Concession Stand: Slice of Life #sol18 9/31

Process Note: I use paint chips as bookmarks. I love the bright colors and the unusual names. Yesterday I opened my current read, Amy Krouse Rosenthal’s Textbook (soooo good), placed my bookmark on the table, and happened to notice the paint name in small letters: Refreshment Stand. And I remembered how much I loved being assigned concession stand duty at school events. I might try this exercise with my students—collect paint chips from the hardware store and have them write off of the names or colors.

refreshment stand

There was a barrel of pickles and tongs to remove them from the brine and small paper bags to hold them.
There was no way to avoid the juice on your hands. I don’t eat pickles. I don’t touch pickles. I don’t sell pickles.
“You got pickle phobia?”
“If it means you’ll handle the pickles, then yes.”

 

I liked to take the money and count change.
I liked to restock the candy and line up the edges of packages.
I liked to straighten the dollar bills and face them all the same way.

 

By the end of the night my hair and clothes smelled of popcorn.

 

Sometimes a kid asked for a Gatorade and when I asked “What flavor?” he’d say “You choose.”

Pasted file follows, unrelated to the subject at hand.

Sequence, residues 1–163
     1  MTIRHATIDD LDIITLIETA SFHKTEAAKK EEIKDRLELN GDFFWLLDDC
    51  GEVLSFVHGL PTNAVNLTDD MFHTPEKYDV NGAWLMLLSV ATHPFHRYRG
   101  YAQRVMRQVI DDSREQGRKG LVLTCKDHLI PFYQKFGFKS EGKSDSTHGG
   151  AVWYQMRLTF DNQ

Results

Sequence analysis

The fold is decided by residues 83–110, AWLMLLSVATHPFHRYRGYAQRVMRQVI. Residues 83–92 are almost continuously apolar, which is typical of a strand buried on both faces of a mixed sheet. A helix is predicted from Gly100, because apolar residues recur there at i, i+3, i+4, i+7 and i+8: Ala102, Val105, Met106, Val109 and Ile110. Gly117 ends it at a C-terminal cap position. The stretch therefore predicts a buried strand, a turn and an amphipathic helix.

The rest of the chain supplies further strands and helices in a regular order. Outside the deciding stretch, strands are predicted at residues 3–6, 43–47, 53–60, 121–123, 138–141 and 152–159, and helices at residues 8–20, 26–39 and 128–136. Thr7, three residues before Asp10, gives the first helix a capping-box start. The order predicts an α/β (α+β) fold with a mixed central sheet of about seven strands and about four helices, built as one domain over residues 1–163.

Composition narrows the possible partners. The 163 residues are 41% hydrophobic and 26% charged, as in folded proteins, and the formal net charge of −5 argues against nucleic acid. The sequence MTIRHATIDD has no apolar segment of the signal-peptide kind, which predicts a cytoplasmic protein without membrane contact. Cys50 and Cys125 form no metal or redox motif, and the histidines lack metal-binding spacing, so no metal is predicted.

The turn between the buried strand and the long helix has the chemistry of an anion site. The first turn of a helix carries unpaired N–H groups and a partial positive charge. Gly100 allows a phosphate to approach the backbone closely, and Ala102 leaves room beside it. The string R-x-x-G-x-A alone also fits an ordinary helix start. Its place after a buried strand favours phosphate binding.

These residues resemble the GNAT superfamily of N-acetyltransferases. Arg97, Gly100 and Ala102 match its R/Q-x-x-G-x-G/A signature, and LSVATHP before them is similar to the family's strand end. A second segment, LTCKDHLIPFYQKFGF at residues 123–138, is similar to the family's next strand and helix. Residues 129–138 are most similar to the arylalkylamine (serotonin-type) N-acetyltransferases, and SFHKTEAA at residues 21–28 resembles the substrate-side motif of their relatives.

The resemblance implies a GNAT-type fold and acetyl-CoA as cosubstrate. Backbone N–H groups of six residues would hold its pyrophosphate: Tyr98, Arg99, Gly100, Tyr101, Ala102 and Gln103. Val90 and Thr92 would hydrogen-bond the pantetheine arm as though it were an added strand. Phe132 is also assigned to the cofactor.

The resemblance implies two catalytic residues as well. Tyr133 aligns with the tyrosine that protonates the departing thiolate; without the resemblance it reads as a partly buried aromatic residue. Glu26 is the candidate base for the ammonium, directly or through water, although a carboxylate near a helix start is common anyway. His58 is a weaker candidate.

And then I had to decide, was he blue or green or red or white?

 

The students wanted me to work while they sat on the counter dangling their legs, but I wanted to be the one sitting on the counter.

 

Everyone, except perhaps the students who wished I’d do their work, was happy to see me there, and everyone was happy eating candy and drinking soda.

 

I liked the slow, when the kids began to riff and joke and pick at each other and dip into the chips and popcorn.
I liked the busy, when the line got long and I made change and handed out waters and ladled cheese sauce.
I worked fast to make the line go away again.

 

I liked to say YES to “Miss E! Buy me a sode” and “Miss E! Spot me a Reese’s.”

 

I didn’t see the game when I worked the refreshment stand, but I saw everything else.

slice-of-life_individual

18 thoughts on “Concession Stand: Slice of Life #sol18 9/31

  1. My speech students and I ran the concession stand for junior high football games for several years. I always enjoyed working with them because it was such a fun environment.

    On a side note, in my poetry unit in Creative Writing, my students could choose to write Paint Chip poems. They chose a chip sample that had five colors on it and had to incorporate all the paint names into the poem. Some got quite creative and they turned out well.

    • I’d forgotten just how much I loved working the concession stand–so much fun and laughter and a nice way to get to know the kids outside of class, especially kids I didn’t necessarily teach. Paint Chip poems are a great prompt! I’m going to bring in a stack next week and see what my students choose to do with them.

  2. Your ending was perfect. I love this idea for writing inspiration. That is amazing that the name of a paint chip inspired such a detailed memory. Your slice reminded me of my job as a “cart girl” on a golf course. It was the best summer job as a teacher! Easy, but fun.